Cast: Tyler Belo(Hercules Mulligan/James Madison), Jon Viktor Corpuz (John Laurens/Philip Hamilton), Taylor N. Daniels (George Eacker), Alysha Deslorieux (Eliza Hamilton), Adriel Flete (Charles Lee), Patrick Garr (Samuel Seabury), Jorrel Javier (Philip Schuyler/James Reynolds/doctor), Carvens Lissaint (George Washington), David Park (Marquis de Lafayette/Thomas Jefferson), Yana Perrault (Peggy Schuyler/Maria Reynolds), Peter Matthew Smith (King George III), Josh Tower (Aaron Burr), Stephanie Umoh (Angelica Schuyler), Edred Utomi (Alexander Hamilton).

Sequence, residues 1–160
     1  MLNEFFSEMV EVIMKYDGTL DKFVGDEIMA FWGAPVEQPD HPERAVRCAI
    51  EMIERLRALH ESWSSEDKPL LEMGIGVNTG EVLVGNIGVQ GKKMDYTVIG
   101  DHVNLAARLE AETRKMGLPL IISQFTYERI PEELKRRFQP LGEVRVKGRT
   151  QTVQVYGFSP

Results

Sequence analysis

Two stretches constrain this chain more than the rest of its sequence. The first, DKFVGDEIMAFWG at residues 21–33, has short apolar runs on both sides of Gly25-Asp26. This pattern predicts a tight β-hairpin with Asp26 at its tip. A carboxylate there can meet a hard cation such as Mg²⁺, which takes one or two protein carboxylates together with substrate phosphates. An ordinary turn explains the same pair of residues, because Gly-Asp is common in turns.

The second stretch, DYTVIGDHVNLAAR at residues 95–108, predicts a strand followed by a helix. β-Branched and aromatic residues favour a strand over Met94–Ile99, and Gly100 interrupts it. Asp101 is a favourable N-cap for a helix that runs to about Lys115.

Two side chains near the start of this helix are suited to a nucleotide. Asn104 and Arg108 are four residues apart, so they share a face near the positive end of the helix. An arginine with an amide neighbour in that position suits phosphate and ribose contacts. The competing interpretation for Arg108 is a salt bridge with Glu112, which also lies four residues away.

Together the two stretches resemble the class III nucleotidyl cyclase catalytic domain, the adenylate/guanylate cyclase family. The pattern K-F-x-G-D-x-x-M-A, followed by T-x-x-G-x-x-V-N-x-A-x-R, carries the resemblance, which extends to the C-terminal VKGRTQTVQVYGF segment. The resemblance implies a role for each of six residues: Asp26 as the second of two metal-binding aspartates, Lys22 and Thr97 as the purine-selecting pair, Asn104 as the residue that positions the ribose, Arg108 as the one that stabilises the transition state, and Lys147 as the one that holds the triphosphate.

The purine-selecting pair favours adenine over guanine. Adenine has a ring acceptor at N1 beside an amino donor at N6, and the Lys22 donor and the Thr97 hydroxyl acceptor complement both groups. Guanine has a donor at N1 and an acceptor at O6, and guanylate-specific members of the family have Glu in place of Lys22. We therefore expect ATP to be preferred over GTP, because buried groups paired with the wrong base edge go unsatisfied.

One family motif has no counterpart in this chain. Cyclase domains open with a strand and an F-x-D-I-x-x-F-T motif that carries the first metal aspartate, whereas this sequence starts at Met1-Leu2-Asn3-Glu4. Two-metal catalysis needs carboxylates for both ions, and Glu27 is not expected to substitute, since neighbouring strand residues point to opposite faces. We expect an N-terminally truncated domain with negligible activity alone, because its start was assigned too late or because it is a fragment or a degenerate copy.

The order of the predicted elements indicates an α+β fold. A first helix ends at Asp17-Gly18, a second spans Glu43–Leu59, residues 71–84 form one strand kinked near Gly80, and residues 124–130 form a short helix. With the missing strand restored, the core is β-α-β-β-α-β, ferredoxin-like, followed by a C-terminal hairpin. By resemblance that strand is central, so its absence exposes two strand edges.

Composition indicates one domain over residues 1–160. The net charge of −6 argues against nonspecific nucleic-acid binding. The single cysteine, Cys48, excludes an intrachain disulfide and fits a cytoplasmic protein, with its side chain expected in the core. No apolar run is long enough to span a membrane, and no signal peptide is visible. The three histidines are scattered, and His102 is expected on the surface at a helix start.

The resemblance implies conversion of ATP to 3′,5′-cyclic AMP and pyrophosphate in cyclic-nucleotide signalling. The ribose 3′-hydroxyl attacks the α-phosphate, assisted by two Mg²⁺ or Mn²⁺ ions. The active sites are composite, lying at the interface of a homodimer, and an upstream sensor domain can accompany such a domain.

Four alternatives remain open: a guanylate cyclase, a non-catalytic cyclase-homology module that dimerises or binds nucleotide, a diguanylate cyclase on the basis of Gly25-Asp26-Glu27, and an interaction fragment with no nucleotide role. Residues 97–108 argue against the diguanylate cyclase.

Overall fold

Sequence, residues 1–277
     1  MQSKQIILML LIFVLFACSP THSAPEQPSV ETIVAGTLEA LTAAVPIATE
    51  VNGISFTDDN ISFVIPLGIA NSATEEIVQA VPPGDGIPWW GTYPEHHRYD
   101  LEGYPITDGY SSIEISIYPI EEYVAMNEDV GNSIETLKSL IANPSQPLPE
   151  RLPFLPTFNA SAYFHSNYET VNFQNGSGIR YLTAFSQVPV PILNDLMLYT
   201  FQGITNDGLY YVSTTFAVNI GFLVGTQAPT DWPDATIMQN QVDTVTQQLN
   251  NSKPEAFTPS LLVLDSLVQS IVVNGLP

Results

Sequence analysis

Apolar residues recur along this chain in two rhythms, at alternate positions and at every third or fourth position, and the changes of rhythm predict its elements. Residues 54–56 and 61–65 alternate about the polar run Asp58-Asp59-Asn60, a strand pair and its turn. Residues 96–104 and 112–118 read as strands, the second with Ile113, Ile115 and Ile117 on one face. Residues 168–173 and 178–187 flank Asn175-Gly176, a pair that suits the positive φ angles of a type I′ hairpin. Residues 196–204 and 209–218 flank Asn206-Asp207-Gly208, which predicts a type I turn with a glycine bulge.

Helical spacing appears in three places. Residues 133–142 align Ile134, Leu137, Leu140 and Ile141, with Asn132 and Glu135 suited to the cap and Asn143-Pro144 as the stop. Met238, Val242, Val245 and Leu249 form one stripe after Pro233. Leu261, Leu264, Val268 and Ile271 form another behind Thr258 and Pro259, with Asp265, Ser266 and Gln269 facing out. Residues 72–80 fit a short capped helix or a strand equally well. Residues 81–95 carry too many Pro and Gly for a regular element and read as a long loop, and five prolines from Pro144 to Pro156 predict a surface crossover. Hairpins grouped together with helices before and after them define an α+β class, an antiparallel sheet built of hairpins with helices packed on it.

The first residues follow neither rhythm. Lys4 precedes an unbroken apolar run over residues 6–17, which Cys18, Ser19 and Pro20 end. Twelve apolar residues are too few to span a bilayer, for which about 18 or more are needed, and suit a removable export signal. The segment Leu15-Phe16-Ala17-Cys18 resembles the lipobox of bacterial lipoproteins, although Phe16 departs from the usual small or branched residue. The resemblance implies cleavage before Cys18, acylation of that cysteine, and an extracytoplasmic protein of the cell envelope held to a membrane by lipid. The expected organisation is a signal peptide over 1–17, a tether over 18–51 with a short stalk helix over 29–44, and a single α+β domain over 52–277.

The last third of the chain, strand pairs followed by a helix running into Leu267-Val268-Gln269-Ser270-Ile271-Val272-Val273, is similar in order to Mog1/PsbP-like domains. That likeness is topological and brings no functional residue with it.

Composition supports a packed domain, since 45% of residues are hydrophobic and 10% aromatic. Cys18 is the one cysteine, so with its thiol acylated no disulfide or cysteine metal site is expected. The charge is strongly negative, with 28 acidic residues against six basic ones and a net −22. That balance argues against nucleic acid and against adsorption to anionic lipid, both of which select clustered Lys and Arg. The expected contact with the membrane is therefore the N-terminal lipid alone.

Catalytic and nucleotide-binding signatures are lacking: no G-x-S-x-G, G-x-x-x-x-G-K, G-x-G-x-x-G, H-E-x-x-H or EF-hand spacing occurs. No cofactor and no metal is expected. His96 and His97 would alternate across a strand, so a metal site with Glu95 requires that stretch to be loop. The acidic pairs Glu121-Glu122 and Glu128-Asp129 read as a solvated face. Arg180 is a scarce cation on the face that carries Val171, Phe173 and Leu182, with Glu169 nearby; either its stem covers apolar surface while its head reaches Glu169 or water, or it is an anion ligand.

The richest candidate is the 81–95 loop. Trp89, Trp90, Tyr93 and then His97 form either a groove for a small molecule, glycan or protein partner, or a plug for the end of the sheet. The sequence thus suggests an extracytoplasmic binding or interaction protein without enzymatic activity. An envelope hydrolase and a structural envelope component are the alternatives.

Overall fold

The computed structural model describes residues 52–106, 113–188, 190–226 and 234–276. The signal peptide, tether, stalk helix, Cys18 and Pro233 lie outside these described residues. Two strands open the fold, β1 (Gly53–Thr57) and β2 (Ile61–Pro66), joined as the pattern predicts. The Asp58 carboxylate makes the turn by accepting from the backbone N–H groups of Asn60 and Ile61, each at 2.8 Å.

Ensemble: Reanne Acasio (swing), Adam Ali-Perez (universal swing), Amanda Braun (universal swing), Taylor Broadard (universal swing), Bryson Bruce (standby), Yossi Chaikin (universal swing), Carey Channing (swing), Karlee Ferreira (swing), Yesy Garcia (ensemble), Kellie Jean Hoagland (ensemble), D. Jerome (ensemble), Jimmie "JJ" Jeter (universal standby), Kourtney Keitt (ensemble), Andre Malcolm (swing), Josh Marin (ensemble), Terrance Martin (swing), Tyler McKenzie (universal swing), Bella Rusli (swing), Avery Sobczak (swing), Raven Thomas (ensemble), Damani Van Rensalier (ensemble), Keenan D. Washington (swing), Kendyl Sayuri Yokoyama (standby), Deejay Young (standby)